Yes, I need to enforce consistency through all these essays, actually.
Titles are marked with <cite> tags, which are intended for titles in HTML. By default, browsers usually render this as italic, but here on Discourse it doesn’t happen. But it will work in the final thing!
My understanding was that it is a general term for an offering to brahmin in the performance of his duties, whether that be officiating a rite, or acting as teacher or mentor. The closest sense that works in a Buddhist context is, I think, “teacher”, but perhaps there is a better expression? Perhaps “offerings to respected persons” but it is getting clumsy!
Maybe you could look it up again in the sources available to you - is it commentarial? The Vedic sources up to the Satapatha at least are clear in that it’s given for a ritual, or in most cases for a sacrificial service of the priests.
Mylius (1979, in German) wrote a thorough source-based study on daksina and concludes:
dakṣiṇā was a part of available goods in Early Vedic and later Indian times which the priests claimed as wages or fees for their ritual activities and which they sought to constantly expand by a system of regulations.
The most common goods given were cows, gold, robes, horses (also SB 184.108.40.206). A common reward promised is a place in heaven, devaloka (e.g. SB 220.127.116.11), but also success, victory etc.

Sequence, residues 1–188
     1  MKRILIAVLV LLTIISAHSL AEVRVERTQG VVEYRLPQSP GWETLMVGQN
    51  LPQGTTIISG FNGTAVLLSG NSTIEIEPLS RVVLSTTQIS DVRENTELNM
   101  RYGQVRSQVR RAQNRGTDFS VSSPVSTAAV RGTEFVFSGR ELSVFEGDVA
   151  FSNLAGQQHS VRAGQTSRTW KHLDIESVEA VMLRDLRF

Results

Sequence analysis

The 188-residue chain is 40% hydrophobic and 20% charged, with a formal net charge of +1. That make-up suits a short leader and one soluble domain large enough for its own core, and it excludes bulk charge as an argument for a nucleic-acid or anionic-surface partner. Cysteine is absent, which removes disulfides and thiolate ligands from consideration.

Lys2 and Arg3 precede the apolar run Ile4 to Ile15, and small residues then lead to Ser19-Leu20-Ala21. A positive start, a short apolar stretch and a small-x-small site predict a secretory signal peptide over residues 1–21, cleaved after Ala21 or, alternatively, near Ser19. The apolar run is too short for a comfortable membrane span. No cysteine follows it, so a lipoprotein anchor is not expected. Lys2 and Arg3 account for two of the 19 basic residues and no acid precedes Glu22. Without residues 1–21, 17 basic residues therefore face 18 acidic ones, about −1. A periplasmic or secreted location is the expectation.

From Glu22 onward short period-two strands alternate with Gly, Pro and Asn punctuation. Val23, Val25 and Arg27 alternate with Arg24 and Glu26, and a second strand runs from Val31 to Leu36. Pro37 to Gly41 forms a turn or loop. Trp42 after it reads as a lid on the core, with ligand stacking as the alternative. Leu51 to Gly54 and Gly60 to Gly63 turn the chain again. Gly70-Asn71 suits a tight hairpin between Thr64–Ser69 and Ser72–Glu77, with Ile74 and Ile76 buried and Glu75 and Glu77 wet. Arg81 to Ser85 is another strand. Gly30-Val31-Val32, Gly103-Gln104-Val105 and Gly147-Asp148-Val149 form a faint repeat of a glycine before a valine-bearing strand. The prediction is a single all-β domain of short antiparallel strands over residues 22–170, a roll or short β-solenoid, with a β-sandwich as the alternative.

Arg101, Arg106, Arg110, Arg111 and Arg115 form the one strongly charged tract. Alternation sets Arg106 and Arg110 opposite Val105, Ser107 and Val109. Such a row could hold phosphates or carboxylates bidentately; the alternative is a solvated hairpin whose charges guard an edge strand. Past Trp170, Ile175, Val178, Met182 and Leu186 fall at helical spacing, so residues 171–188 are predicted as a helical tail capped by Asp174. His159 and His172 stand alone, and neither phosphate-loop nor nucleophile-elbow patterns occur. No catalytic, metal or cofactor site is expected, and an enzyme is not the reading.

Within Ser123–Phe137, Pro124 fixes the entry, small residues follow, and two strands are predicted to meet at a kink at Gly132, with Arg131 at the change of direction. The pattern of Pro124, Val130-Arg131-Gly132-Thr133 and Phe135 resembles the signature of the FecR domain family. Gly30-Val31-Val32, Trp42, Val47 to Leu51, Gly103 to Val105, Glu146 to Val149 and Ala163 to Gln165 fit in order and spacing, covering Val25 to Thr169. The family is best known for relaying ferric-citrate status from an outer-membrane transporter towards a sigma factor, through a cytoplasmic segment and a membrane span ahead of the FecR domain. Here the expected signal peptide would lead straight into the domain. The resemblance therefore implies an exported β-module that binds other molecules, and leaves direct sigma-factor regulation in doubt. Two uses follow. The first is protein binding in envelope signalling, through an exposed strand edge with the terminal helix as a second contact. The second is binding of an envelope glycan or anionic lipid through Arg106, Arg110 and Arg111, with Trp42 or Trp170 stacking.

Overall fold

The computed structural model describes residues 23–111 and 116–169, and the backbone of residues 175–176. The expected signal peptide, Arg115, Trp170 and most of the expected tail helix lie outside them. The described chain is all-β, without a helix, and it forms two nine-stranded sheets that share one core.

I don’t know if I have a good suggestion for a translation in the Buddhist context, maybe something like ‘religious donation’ would be closer?
Mylius, K. (1979). Dakṣinā. Altorientalische Forschungen , 6 (JG), 141-180.
@sujato A little update on dakṣiṇā and dakkhiṇa. After investigating both terms more closely my conclusion that it was indeed a ‘religious giving’, even in a more specific sense. Effectively it was the sacrifical fee for the Brahmins, but - and here’s the connection to Buddhism - the purpose is the defining element here: namely the ‘investment’ in the afterlife.
Brahmins were meant to take the daksina to heaven, deliver it to the gods who then grant wishes and secure a good afterlife (but also children, cows, victory). Early Buddhism replaces the devas in this respect, and Buddha and Sangha become themselves the puññakkhetta, the fertile field one can directly invest in. In most cases in the suttas (where a direct result is mentioned) it culminates in a good rebirth either as human or as deva.
So the dakkhina is not in return for teaching services but for just being available for donation, allowing the donor to invest in and secure their future happiness.